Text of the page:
In order to be deductible, travel expenses must be valid business expenses and the reimbursements must adhere to IRS rules – either with an accountable plan or the per diem method.

Accountable Plan

Employee expenses reimbursed under an employer’s accountable plan do not contribute to the employee’s income. The accountable plan is a formal agreement to advance, reimburse or grant allowances for business expenses. To qualify as an accountable plan, it must meet the following criteria:

  • Payments must be for “ordinary and necessary” business expenses
  • Employees must substantiate these expenses (including amounts, times, and places) monthly
  • Employees must return any advance or allowances they can’t substantiate within a reasonable time, typically 120 days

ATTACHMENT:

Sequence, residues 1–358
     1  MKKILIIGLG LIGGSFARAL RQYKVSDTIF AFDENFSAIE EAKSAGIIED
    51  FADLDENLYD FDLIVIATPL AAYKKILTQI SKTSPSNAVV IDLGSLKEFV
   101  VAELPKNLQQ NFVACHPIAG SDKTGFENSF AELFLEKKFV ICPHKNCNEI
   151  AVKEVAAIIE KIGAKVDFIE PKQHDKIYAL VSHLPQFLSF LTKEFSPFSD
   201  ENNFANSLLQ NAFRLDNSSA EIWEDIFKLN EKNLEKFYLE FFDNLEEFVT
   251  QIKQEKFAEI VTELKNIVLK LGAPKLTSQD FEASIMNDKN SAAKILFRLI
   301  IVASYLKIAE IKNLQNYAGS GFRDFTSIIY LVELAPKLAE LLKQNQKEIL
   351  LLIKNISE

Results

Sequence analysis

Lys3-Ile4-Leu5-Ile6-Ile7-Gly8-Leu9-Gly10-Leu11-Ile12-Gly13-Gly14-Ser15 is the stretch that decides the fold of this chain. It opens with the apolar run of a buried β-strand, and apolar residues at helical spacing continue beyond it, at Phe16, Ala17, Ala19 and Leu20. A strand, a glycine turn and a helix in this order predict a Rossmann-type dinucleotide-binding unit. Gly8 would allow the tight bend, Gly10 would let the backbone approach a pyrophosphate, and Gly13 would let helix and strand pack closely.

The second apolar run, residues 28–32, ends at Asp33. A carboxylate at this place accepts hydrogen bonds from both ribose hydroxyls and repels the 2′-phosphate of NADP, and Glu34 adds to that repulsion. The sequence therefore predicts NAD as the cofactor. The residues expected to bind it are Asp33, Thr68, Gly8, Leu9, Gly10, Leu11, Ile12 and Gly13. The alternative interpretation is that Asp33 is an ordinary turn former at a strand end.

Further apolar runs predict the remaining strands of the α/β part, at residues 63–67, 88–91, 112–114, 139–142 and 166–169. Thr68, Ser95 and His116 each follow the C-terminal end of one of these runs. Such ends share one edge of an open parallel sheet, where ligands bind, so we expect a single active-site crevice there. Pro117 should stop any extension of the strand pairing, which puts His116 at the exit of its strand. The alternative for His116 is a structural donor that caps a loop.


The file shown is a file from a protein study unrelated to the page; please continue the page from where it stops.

Plans that fail to meet these guidelines will be treated by the IRS as “non-accountable”,

and reimbursements will be included in the employee’s gross income as taxable wages subject to withholding and employment taxes (employer and employee).

Per Diem

In some cases, the per diem method may be used. Instead of tracking actual business travel expenses, employers use IRS tables to determine reimbursements for lodging, meal, and incidental expenses. Substantiation of time, place, and amount must still be provided, and the IRS imposes heavy penalties on businesses that routinely pay employees more than the appropriate per diem amount.

If you have any questions about the TCJA’s impact on your business, please feel free to reach out to me at sreed@mkrcpas.com.

Why American Workers Could See an Increase in Tax Refunds Next Year

The majority of American taxpayers typically receive a refund from their federal tax returns, and in 2019 those refunds could increase by 26 percent, which is higher than previous years.